There were the usual knickknacks and bric-a-brac and some not-so-usual items Sunday at the Mid-America Markets’ flea market in the Kansas Pavilions.
And there were plenty of people looking for a good buy.
“We’ve probably had close to 2,200 shoppers,” said Cameron Masterson, who each month organizes the state’s largest indoor flea market. He said there were 550 booths.
Gas prices and a lingering recession have hurt the flea market business. It’s nowhere near what it was 15 years ago, when there was a waiting line of people wanting to have booths, Masterson said in a phone interview.
But he is beginning to see a steady increase in traffic.
“Some people use it as a form of entertainment,” he said. “You pay $1 to get in. That’s pretty inexpensive to come and look around. I always tell people, you get out here and you don’t realize there was so much stuff you are willing to buy that you didn’t need.”
Crowds have been steadily growing the past year, Masterson said, though attendance Sunday was slightly less than in November.
Paula and Richard Edwards of Halstead said they come regularly to the market to hunt for bargains.
Paula said in an interview that she found some things she could give to her granddaughters — “earrings and things for their hair.”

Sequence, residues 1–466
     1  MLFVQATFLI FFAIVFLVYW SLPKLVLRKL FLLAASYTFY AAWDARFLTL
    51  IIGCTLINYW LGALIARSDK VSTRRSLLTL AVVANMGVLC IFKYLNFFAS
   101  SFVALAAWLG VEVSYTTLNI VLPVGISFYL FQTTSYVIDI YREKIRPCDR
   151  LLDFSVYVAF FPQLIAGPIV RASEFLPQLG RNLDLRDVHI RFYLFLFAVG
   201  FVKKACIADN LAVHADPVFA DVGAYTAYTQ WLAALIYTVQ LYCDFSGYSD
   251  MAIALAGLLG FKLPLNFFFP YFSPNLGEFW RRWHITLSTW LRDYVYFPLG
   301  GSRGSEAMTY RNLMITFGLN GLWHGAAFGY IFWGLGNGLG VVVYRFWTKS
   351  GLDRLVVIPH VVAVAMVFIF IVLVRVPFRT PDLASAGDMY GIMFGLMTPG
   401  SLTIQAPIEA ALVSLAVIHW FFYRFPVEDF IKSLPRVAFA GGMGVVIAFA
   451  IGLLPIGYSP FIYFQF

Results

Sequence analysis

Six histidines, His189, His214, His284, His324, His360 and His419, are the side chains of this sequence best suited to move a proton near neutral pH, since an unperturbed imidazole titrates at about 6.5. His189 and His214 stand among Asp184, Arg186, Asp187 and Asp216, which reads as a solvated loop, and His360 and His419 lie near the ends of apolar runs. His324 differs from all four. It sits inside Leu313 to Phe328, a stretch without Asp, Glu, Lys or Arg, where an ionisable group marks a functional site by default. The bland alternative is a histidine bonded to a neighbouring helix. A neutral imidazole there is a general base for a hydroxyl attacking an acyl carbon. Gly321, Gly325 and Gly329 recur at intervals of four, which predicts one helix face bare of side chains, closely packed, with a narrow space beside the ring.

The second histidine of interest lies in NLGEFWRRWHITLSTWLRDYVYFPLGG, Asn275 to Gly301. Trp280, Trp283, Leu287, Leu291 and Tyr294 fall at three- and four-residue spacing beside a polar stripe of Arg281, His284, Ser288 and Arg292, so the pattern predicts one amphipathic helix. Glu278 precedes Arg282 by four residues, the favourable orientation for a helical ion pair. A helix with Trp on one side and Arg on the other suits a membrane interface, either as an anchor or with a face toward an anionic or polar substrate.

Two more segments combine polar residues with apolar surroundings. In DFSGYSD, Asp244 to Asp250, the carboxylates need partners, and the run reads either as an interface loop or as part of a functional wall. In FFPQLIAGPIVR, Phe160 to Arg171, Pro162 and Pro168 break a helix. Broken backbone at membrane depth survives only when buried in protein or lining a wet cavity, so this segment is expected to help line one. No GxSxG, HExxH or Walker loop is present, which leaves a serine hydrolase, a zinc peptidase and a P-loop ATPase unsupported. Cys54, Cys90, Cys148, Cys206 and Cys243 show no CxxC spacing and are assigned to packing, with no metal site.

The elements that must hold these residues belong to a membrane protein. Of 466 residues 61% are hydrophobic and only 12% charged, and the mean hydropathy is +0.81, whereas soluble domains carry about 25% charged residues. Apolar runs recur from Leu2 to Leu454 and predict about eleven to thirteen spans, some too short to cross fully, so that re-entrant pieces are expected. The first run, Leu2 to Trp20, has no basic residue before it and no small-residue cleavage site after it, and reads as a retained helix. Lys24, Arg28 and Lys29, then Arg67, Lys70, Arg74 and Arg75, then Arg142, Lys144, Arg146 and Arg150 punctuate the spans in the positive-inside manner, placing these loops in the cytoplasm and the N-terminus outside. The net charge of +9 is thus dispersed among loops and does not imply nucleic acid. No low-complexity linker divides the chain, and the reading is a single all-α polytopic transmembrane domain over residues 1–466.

Richard Edwards bought a discus.
They said they also come for the snacks — roasted nuts covered in sugar and cinnamon.
There are old dishes, parts for old lamps, and jewelry. Lots of jewelry, including original pieces.
On Sunday, Cindy and Derold Becker of Rago were selling metal garden sculptures.
“My husband used to be a home builder, and construction isn’t very good right now,” Cindy Becker said in an interview. So, a year and a half ago they began sculpting artwork from wrenches, rakes and pieces from salvage yards and estate sales.
She puts the pieces together, and he welds them.
The works sells anywhere from $30 for a lady bug made out of compressor lids to $800 for a 6-foot eagle.
“It’s something that we can do together,” Cindy Becker said.